June 15, 2008. Posted by Joshua Jackson.
Reuters has reported that pianist Esbjorn Svensson died yesterday, during a
scuba diving excursion. He was 44 years old.
In 2001, I had the opportunity to interview the members of EST in New York,
just as the Swedish trio was gaining some recognition in the US. I say that
because they were already huge stars in their native Sweden. The show,
Introducing EST, coincided with the release of Somewhere Else Before.
Listen to it here. It includes some sections of that interview with Esbjorn,
Dan Berglund, and Magnus Ostrom, as well as a live in-studio performance.
You can also listen to EST from North Sea Jazz, courtesy JazzSet and Radio
© 2008 WBGO
June 11, 2008. Posted by WBGO.
A purveyor of dazzling rhythms and rich melodies, Argentinean composer and pianist Guillermo Klein gathered his New York-based collaborators in Los Guachos at the famed Village Vanguard for a rare stateside appearance, presented live on air by WBGO and live online by NPR Music.
Klein presented a set of songs drawing from both the extensive back catalog of Los Guachos and their new disc Filtros. Long-time fans of Klein will recognize the opener "Venga" and the closing medley "Con Brasil Adentro / Fugue X" from acclaimed recent releases; also featured were repertory works like "Juana" and the Gershwin-meets-Venezuela hybrid of "Fascinating Rhythm / Moliendo Cafe." In between, there was much material of more recent vintage, including the premiere of a new piece called "Textura de Sueno," set to the text of Nicaraguan poet Gioconda Belli.
The music was full of Klein's trademarks: tricky rhythmic patterns, lush harmonic layers and plenty of singing. Vocalist Carmen Canela also made the journey from Barcelona, where she has been working frequently with Klein's Spanish groups, though all the members of the band joined in on "Yeso." Having played together off and on for 13 years, and having rehearsed extensively prior to the gig, it came as no surprise that Los Guachos sounded tight and well-equipped to navigate its leader's dense-but-rewarding songs.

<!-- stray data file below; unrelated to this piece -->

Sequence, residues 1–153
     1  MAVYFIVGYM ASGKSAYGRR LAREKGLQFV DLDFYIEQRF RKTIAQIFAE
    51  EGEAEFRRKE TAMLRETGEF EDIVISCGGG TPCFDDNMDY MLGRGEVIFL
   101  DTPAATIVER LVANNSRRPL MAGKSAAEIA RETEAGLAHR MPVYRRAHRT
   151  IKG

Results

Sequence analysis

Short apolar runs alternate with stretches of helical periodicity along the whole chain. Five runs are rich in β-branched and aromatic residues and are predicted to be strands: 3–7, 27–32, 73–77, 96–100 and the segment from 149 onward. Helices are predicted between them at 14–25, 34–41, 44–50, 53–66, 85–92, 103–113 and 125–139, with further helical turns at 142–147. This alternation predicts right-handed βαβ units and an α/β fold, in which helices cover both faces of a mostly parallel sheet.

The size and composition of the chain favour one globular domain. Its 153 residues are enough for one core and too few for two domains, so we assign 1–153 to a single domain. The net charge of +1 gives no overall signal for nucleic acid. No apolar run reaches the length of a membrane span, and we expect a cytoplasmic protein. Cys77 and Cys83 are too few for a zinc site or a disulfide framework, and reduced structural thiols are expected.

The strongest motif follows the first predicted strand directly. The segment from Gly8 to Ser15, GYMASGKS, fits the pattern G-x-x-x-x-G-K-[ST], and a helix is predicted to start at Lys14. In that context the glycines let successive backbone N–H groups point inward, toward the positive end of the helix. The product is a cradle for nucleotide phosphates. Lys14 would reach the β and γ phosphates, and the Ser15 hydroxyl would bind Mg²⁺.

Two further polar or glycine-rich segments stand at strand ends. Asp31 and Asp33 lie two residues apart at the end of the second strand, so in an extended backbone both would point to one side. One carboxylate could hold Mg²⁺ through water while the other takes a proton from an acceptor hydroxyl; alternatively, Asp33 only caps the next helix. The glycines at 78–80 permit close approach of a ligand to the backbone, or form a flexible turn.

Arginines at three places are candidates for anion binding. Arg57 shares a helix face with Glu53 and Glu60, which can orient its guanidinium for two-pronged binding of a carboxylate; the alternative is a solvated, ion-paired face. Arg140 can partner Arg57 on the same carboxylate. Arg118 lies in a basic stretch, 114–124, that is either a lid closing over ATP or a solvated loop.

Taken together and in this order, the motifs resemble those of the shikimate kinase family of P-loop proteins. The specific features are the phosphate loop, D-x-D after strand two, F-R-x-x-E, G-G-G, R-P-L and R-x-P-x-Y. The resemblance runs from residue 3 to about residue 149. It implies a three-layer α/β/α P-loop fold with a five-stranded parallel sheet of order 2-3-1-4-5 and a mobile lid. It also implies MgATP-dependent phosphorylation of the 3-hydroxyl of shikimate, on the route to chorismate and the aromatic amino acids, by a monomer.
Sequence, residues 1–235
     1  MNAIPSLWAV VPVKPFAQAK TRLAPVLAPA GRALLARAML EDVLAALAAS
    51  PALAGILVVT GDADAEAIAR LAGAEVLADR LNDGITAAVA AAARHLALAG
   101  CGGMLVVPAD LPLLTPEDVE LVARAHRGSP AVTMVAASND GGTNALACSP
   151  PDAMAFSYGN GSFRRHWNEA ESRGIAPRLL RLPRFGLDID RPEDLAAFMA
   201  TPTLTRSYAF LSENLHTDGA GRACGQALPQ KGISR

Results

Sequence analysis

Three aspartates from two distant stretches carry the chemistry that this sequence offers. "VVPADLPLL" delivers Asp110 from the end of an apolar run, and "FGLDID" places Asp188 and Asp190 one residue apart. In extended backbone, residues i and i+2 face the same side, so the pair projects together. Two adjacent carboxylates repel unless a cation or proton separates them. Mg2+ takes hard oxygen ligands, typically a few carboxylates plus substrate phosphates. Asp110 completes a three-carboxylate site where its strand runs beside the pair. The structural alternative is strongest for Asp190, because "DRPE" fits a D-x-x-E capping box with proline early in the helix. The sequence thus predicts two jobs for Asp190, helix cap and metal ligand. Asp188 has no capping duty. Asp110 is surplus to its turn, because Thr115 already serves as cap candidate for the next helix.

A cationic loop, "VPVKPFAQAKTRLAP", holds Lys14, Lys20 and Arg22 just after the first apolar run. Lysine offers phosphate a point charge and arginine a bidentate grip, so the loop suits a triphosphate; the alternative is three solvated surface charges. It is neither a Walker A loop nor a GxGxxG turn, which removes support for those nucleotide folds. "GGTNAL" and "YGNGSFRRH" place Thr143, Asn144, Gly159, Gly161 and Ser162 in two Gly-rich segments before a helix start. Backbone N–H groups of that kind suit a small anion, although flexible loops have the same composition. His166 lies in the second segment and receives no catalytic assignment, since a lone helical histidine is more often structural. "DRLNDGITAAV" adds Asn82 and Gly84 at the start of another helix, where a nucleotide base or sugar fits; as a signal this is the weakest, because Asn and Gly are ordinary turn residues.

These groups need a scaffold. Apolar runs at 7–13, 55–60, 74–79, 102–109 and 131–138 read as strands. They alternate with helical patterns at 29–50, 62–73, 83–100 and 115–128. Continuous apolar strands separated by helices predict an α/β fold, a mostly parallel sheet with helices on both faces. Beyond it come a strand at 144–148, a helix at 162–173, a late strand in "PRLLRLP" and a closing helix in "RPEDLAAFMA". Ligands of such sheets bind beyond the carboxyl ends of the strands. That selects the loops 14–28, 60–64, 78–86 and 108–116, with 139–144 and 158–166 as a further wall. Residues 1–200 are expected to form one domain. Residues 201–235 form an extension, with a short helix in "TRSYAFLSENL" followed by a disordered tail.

Known for his highly original approach to composition, Klein feeds off the improvisational energy of jazz, but also integrates sounds from a broad range of musical experiences. Among them are the folkloric tangos and chacareras of his native Argentina, though 20th Century European modernism, counterpoint, minimalism, drones, complex meters, children's songs, and human voices — including his own untrained but emotional delivery — are all featured heavily. The results are unclassifiable, but frequently buoyed by intense lyricism and thick, active grooves.
After moving to the U.S. to study at the Berklee College of Music, Klein came to New York in 1994. Less than a year passed before he found himself leading a big band every Sunday night at the Greenwich Village basement club called Smalls. Though his songbook continued to increase in size and complexity, and his circle of collaborators included many of New York's most talented young jazz musicians, he enjoyed little commercial success. Feeling homesick, Klein moved back to Argentina in 2000, and has been living in Spain for several years.
Beloved by many musicians of his generation, the Vanguard crowd received Klein warmly. This performance was also a reunion for those players who were part of Los Guachos, the compact big band with whom Klein made the critically acclaimed studio albums Los Guachos II and Los Guachos III (the first volume remains unreleased). Their latest effort, Filtros, was released on the day preceding the concert; it's Klein's first collection of new material since 2005.
© 2008 WBGO